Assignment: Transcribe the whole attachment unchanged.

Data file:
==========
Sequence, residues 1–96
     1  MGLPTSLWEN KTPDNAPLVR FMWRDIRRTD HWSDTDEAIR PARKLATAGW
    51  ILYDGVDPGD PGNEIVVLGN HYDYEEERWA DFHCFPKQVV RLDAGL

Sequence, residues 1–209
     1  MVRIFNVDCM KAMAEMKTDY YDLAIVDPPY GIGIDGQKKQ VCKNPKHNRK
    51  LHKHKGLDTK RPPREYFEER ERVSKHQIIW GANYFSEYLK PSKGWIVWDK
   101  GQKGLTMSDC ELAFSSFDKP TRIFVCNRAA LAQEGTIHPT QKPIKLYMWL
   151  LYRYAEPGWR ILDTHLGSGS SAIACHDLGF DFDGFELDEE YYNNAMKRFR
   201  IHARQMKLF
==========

Sequence, residues 1–96
     1  MGLPTSLWEN KTPDNAPLVR FMWRDIRRTD HWSDTDEAIR PARKLATAGW
    51  ILYDGVDPGD PGNEIVVLGN HYDYEEERWA DFHCFPKQVV RLDAGL

Sequence, residues 1–209
     1  MVRIFNVDCM KAMAEMKTDY YDLAIVDPPY GIGIDGQKKQ VCKNPKHNRK
    51  LHKHKGLDTK RPPREYFEER ERVSKHQIIW GANYFSEYLK PSKGWIVWDK
   101  GQKGLTMSDC ELAFSSFDKP TRIFVCNRAA LAQEGTIHPT QKPIKLYMWL
   151  LYRYAEPGWR ILDTHLGSGS SAIACHDLGF DFDGFELDEE YYNNAMKRFR
   201  IHARQMKLF